The Best

If the Masters turns into a chipping contest, short-game specialist Retief Goosen will be tough to beat
April 04, 2005

The sneakiest star in golf is, without question, 36-year-old Retief Goosen of South Africa. Despite winning two U.S. Opens--in 2001 and last year, when he knocked off the people's choice, Phil Mickelson, at Shinnecock Hills--Goosen is relatively unknown to most U.S. fans, even though he has been playing a full schedule on the PGA Tour since '02. He gets much more respect in Europe, where he has won nine of his 17 international titles.

Goosen is long off the tee, averaging 299 and 294 yards, respectively, in '03 and '04, and ranks first in percentage of birdies made on par-5 holes (62.5%), but no one thinks of him as one of the Tour's bombers. His short game is simply awesome. Even though he was the No. 1 scrambler on Tour in '04--when he failed to hit a green in regulation, he got up and down 66% of the time--his ability around the greens is seldom mentioned in the same breath as Mickelson's, Ernie Els's or Tiger Woods's.

Goosen was at his best at Shinnecock Hills. The championship turned on the 71st hole, the burned-out par-3 that played to a 3.49 average on Sunday. Mickelson and Goosen both put their tee shots into the front bunker, but while Mickelson three-jacked from six feet for double bogey, Goosen, who would one-putt five of the last six holes, trickled in his three-footer for par to take a two-stroke lead, his eventual margin of victory.

"Every part of Retief's game is solid, but his short game is spooky," attests Sergio García. "He does what he has to do in the easiest way possible, and he's one of the best putters in the world. His short game isn't flashy. It's really simple."

Augusta National, with its emphasis on length, chipping and putting, and Pinehurst No. 2, the U.S. Open venue with the inverted saucer greens, are perfect fits for Goosen's game. As is the TPC at Sugarloaf, site of this week's BellSouth Classic.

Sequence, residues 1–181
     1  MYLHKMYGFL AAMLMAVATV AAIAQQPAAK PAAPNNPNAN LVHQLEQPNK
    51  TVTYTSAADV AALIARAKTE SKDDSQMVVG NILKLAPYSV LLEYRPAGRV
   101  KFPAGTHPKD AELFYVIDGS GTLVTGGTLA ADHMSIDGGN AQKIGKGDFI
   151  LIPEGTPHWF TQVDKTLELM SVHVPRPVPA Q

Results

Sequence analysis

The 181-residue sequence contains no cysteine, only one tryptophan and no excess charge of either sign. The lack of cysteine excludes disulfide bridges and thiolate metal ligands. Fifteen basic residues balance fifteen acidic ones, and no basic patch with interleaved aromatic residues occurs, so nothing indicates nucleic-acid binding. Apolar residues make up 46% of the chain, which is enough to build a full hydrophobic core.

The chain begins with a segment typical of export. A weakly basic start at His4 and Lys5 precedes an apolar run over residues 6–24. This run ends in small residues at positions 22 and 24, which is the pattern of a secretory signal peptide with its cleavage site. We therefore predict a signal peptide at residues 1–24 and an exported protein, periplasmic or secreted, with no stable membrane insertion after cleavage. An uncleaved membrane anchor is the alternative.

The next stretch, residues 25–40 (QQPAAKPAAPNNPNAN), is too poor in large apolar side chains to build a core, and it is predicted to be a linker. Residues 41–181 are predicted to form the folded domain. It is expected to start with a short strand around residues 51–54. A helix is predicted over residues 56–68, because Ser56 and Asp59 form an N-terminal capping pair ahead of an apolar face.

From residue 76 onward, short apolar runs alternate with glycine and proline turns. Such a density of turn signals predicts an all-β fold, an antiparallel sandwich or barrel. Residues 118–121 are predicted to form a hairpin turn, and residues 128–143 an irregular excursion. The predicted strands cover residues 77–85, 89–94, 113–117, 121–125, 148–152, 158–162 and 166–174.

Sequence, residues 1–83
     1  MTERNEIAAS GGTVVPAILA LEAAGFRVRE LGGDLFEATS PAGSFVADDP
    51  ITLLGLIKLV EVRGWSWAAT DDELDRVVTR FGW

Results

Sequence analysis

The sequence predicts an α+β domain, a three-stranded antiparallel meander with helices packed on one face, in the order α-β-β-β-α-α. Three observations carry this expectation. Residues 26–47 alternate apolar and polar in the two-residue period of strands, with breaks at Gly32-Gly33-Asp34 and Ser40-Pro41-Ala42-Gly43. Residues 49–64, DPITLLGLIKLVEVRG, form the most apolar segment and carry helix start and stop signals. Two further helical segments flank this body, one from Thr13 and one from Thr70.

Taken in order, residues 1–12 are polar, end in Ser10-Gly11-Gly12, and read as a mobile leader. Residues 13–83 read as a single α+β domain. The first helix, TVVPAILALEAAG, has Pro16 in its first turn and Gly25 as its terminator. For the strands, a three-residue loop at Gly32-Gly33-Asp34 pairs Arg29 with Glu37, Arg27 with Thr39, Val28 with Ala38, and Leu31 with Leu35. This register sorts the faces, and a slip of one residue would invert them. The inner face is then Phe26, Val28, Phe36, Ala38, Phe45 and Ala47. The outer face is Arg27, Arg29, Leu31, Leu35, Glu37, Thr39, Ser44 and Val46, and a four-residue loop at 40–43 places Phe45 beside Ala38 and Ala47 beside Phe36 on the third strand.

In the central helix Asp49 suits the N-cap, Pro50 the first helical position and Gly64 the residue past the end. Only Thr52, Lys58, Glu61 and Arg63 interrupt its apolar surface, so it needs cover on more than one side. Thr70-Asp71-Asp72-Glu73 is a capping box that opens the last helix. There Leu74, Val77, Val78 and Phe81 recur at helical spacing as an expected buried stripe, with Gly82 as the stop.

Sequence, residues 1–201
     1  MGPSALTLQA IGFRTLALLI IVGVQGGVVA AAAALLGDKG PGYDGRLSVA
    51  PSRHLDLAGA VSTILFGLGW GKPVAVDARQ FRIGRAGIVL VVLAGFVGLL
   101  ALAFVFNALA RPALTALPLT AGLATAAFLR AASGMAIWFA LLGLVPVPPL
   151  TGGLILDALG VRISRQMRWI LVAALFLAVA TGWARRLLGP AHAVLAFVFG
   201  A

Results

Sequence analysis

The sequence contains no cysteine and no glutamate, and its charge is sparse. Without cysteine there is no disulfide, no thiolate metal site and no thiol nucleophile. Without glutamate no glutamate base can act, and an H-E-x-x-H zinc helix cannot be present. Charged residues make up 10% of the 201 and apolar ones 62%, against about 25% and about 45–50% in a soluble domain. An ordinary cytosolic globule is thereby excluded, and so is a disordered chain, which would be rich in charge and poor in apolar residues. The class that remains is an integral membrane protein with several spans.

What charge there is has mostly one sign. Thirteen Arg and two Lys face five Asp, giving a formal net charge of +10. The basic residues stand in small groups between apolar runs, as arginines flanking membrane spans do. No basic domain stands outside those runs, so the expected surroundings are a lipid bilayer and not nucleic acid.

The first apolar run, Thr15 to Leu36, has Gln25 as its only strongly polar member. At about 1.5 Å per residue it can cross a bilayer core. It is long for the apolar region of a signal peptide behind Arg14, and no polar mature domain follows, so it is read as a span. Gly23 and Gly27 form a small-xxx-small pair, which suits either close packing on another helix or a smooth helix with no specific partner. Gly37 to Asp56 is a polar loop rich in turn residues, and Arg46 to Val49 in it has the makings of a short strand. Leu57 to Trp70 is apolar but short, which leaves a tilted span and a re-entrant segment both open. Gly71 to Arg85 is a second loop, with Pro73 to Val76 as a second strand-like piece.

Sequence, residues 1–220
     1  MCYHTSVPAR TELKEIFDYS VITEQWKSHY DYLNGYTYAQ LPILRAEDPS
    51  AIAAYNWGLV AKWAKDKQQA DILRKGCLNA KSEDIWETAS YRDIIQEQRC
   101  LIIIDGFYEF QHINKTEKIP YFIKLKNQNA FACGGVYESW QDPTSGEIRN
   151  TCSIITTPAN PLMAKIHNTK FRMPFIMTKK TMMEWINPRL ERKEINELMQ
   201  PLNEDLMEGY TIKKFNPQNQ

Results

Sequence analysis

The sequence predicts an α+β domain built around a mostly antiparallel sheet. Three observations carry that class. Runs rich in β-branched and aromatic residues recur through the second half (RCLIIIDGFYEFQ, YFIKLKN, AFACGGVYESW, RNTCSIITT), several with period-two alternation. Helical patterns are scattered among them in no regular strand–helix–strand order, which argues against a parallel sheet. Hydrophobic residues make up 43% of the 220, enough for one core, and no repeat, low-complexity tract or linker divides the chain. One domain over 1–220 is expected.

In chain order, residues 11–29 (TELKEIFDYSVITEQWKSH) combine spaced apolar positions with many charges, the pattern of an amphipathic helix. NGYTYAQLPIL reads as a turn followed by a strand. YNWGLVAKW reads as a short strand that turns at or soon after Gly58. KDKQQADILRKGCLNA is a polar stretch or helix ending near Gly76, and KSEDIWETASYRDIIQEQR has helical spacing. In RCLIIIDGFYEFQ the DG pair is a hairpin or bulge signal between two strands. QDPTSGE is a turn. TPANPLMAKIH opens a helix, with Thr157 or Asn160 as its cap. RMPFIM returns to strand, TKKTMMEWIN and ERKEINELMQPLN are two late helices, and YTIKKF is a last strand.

"[At Sugarloaf] you have to play similar shots around the greens as you do at Augusta--bump and runs, with the ball running away from you down slopes," says Goosen. "I thought it would be good practice for the Masters, during which you have to play bump-and-run shots up banks, or fly it or nip it or even hit a three-wood and run it up a bank. Augusta and Pinehurst will be the only other courses where we're going to play those shots."

Aside from his U.S. Open-- winning par at 17, Goosen ranks a save he made at last year's Masters, in which he finished 13th--his best Masters was a second in 2002--as his most memorable of the '04 season. "I hit it over the back of the green at 15 in the final round, which left me a tough shot. I finally decided to hit a bump and run with a sand wedge. My ball stopped four yards past the flag. Another two yards and it would've rolled into the water in front. It was the best par I saved all week." --Gary Van Sickle

GOOSE'S BASIC BUMP AND RUN

"Move the ball back in your stance. Keep your hands forward through impact to take loft off the club, so the ball comes off low and spinny. The key is to stroke the shot instead of hitting it hard.  If you're playing up the bank, use anything from a lob wedge to a five-iron."

 

COLOR PHOTOEZRA SHAW/GETTY IMAGES SHORT WORK Goosen prefers simple over fancy on shots around the green.

HOLE YARDS PAR R1 R2 R3 R4
OUT
HOLE YARDS PAR R1 R2 R3 R4
IN
Eagle (-2)
Birdie (-1)
Bogey (+1)
Double Bogey (+2)